Bill would expand suit damages for grief and mental anguish

Belleville News-Democrat
Tuesday, May 1, 2007

Metro-east physicians and hospital executives are nervously watching the progress of a legislative proposal to allow juries to award damages to plaintiffs for "grief, sorrow and mental anguish" in wrongful death cases.
A bill setting up this new category of damage awards, in addition to the category already in place for "pain and suffering," cleared the Illinois House on Friday, and now awaits a vote in the Senate.
Opponents of the measure argue that it would undermine the progress achieved as a result of the tort reform law passed in late 2005. That landmark statute -- which caps non-economic damages awarded against physicians at $500,000, and hospitals at $1 million -- is credited with the lowering of medical malpractice insurance premiums, resulting in a return of physicians to Illinois , especially hard hit areas such as the metro-east.

But Joanne Doroshow, executive director of the Center for Justice and Democracy in New York City , contended that House Bill 1798 would have no impact on insurance costs.
"What this does, it is allowing an appropriate kind of damage for a jury to consider that otherwise they've been prohibited from doing," said Doroshow, whose group has been funded in the past by trial attorneys. "It's not going to have any impact other than to make the victims feel they are more fairly treated under the law."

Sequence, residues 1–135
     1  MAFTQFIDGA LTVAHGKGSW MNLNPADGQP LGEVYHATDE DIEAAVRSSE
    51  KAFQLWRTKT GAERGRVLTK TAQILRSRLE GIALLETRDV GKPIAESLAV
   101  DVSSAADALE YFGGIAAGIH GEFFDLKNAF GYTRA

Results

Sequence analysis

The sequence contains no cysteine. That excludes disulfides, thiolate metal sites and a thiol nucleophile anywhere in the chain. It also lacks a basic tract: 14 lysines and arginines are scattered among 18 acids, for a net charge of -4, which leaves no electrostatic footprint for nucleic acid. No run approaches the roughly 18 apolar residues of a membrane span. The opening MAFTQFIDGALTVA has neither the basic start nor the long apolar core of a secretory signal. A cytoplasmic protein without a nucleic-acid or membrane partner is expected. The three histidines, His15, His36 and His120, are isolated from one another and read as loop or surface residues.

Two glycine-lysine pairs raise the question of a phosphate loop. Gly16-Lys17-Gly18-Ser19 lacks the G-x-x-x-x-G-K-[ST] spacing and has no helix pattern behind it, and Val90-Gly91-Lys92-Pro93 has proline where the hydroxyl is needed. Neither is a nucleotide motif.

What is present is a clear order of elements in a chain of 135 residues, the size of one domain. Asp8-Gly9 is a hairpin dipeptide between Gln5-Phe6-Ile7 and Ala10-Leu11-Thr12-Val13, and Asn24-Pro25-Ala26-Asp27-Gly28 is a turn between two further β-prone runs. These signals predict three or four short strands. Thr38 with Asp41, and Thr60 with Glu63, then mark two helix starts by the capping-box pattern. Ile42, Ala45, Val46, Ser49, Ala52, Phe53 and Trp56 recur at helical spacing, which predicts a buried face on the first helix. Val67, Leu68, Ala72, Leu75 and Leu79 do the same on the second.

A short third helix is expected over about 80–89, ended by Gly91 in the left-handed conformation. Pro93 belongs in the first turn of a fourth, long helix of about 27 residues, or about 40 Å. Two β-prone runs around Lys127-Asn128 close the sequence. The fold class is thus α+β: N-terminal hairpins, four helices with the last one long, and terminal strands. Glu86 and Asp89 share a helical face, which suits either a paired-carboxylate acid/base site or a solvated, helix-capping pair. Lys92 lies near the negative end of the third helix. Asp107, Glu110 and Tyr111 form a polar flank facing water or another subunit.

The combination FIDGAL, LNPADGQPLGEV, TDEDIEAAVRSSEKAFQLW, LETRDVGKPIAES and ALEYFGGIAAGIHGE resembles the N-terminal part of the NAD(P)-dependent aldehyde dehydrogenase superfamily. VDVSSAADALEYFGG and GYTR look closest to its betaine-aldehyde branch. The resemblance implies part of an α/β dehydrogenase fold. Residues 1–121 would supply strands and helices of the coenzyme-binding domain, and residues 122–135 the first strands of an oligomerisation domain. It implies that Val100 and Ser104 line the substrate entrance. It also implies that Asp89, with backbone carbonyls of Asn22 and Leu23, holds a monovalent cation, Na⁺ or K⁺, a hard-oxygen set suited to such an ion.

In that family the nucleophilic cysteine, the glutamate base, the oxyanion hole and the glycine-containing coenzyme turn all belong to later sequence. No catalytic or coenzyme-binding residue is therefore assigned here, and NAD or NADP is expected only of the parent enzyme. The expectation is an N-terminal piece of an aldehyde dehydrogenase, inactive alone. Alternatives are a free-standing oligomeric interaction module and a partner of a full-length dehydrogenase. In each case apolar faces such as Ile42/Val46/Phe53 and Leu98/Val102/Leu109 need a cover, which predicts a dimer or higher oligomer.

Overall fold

Such a law is acutely needed in civil cases involving the deaths of children, for whom it is impossible to make a case for the awarding of economic damages, she said.
"It's important to allow juries to get through the evidence and make decisions for damages in these kinds of cases," she said.
Doroshow predicted that the caps on non-economic damages contained in the 2005 tort reform law would take precedence over House Bill 1798 if it is passed into law.

For a copy of the complete article, contact CJ&D.

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